The Coulomb Manoeuvre

or How To Remove Shrink-Wrap From Vinyl

 


The Classic Coulomb

The Wear & Tear Coulomb

CLASSIC OUCLOMB.jpg
WEAR AND TEAR COULOMB.jpg

Place the record as shown (opening down) and rub gently back and forth from left to right applying only as much pressure as the weight of the record exerts. Approximately 3 - 10 rubs will be enough to wear the plastic down and it should simply split along the opening of the record cover with the slightest coaxing.

The "Wear and Tear" Coulomb is exactly the same as the 'Classic' except you use the thicker part of your pants around the belt line to avoid creating unseemly friction lines in your strides. As you are not using the weight of the record you will need to apply a small amount of pressure but take care not to push too hard or you will damage the cover.


Warning

We strongly recommend the Wear & Tear. We've seen a guy slice right through his silk pants. True Story. Additionally, NEVER, EVER, run your fingernail across the record opening to slice through the plastic. Paper burns suck. Cardboard burns are worse. A Cardboard burn under a nail is a fate worse than death.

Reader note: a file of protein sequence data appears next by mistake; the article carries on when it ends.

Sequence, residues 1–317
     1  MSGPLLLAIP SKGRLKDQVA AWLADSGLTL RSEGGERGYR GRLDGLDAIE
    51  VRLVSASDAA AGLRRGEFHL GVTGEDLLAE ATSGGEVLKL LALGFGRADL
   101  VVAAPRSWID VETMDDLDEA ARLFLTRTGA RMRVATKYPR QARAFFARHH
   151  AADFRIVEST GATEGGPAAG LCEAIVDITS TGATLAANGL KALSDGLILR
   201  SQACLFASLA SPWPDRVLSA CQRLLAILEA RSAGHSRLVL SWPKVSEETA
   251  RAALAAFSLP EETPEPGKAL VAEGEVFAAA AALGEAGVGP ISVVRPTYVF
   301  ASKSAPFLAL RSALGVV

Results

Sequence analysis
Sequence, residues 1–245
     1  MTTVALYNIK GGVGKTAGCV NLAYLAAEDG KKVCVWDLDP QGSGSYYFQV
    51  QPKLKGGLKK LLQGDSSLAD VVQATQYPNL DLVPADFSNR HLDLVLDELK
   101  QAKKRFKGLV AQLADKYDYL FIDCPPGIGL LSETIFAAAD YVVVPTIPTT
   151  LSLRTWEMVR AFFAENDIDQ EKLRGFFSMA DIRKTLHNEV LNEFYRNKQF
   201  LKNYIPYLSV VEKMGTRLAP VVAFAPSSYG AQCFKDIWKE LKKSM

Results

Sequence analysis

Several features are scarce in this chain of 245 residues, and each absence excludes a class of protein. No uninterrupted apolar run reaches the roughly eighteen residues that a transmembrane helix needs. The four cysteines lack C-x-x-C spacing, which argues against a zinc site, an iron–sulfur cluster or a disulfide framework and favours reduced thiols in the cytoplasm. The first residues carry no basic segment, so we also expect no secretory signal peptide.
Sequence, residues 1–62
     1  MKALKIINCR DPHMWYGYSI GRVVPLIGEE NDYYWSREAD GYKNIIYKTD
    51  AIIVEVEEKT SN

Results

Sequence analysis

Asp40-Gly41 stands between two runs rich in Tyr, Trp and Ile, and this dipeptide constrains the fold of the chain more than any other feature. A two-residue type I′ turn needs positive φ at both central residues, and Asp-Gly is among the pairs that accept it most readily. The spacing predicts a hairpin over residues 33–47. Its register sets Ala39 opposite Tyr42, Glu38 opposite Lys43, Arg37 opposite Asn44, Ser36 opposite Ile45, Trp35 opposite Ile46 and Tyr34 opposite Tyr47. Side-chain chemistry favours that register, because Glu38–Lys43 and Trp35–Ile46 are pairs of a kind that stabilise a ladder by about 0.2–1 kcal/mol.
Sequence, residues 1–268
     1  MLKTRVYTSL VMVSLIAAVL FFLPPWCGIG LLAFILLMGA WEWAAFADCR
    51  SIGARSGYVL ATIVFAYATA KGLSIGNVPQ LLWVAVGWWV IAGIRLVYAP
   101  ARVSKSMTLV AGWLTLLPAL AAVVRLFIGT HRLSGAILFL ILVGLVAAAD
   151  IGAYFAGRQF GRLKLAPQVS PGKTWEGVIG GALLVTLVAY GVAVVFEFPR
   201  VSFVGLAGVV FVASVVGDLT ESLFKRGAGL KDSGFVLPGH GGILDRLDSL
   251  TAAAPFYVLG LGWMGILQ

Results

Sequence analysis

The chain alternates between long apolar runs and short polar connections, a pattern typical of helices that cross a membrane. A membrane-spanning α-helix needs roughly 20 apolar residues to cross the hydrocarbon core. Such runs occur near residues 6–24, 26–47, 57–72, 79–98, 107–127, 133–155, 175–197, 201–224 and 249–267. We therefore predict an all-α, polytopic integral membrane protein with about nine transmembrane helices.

Who is Coulomb and why is this particular manoeuvre named after him?

Charles August Coulomb (1736-1806) adds to the second law of friction; "strength due to friction is proportional to compressive force", "although for large bodies friction does not follow exactly this law". Coulomb published the work referring to Amontons. The second law of friction is known as the "Amontons-Coulomb Law" referring to work done by the two scientists in 1699 and 1785 respectively.

The Amontons-Coulomb law of friction holds for many different material combinations and geometries but unlike Newton’s first law, nothing fundamental can be derived from it. link

We decided to drop the Amontons from the name as it was too unwieldy and Coulomb sounds way better anyway. Respect to Amontons but he can blame his mother - or in this case, his father for having an ungainly family name.